The inferior pharyngeal constrictor muscle is a muscle of the throat that assists in swallowing by constricting the pharynx when contracted. It is the lowest of the three pharyngeal constrictor muscles that coordinate the downward movement of food through the pharynx to the esophagus in a swallowing motion.
The inferior pharyngeal constrictor is composed of two parts, the cricopharyngeus and the thyropharyngeus, which connect the pharynx to the cricoid cartilage and the thyroid cartilage respectively.
The inferior pharyngeal constrictor muscle originates from the cricoid and thyroid cartilage.
The cricopharyngeus, the lower part of the inferior pharyngeal constrictor, originates from the lateral aspect of the arch of the cricoid cartilage.
The thyropharyngeus, the upper part of the inferior pharyngeal constrictor, originates from the oblique laminar line of the thyroid cartilage and the fibrous cricothyroid arch.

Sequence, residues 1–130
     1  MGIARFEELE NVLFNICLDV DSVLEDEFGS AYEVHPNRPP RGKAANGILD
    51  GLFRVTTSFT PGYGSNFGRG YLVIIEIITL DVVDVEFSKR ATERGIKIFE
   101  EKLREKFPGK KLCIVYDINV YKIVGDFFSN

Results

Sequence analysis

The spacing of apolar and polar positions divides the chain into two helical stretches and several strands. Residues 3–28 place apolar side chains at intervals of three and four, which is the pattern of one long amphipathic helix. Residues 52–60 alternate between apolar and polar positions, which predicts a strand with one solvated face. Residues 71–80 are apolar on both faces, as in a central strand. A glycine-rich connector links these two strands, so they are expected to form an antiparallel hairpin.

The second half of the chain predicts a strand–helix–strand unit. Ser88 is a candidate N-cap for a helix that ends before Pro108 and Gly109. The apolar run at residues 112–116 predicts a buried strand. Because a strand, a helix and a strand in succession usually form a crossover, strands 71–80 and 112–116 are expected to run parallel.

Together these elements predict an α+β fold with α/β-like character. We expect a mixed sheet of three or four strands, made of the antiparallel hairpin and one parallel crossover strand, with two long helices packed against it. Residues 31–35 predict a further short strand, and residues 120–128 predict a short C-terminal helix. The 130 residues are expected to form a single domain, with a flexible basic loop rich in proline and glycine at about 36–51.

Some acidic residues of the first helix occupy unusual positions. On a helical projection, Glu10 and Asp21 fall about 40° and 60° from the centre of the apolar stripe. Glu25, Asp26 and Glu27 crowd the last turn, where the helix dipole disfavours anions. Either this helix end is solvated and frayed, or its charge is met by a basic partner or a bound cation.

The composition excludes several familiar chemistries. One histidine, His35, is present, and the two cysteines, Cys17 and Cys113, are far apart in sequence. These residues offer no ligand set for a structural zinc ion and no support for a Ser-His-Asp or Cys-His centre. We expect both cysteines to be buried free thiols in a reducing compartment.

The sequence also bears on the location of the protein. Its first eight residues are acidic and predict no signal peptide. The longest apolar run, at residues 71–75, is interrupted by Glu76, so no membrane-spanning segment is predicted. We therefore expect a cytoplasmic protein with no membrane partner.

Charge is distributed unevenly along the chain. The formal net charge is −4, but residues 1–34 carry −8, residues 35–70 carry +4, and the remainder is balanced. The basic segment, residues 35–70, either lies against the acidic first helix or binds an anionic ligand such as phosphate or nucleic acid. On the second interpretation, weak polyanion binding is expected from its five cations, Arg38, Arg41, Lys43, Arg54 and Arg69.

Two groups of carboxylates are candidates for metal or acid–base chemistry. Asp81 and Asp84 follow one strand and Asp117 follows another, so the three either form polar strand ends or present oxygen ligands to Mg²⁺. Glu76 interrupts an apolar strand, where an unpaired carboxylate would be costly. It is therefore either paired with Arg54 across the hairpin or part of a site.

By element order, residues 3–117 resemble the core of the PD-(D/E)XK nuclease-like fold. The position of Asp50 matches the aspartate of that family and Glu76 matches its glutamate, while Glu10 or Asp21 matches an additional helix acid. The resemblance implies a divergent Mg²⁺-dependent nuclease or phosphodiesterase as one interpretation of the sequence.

The inferior pharyngeal constrictor muscle inserts at the lower pharyngeal raphe.
The cricopharyngeus does not have a definite insertion because the left and right cricopharyngeus connect to each other behind the pharynx, forming essentially a single muscle. The thyropharyngeus inserts at the lower pharyngeal raphe.
In addition to the main function as part of the swallowing motion, the lower part of the inferior pharyngeal constrictor, the cricopharyngeus, acts as a sphincter around the esophagus.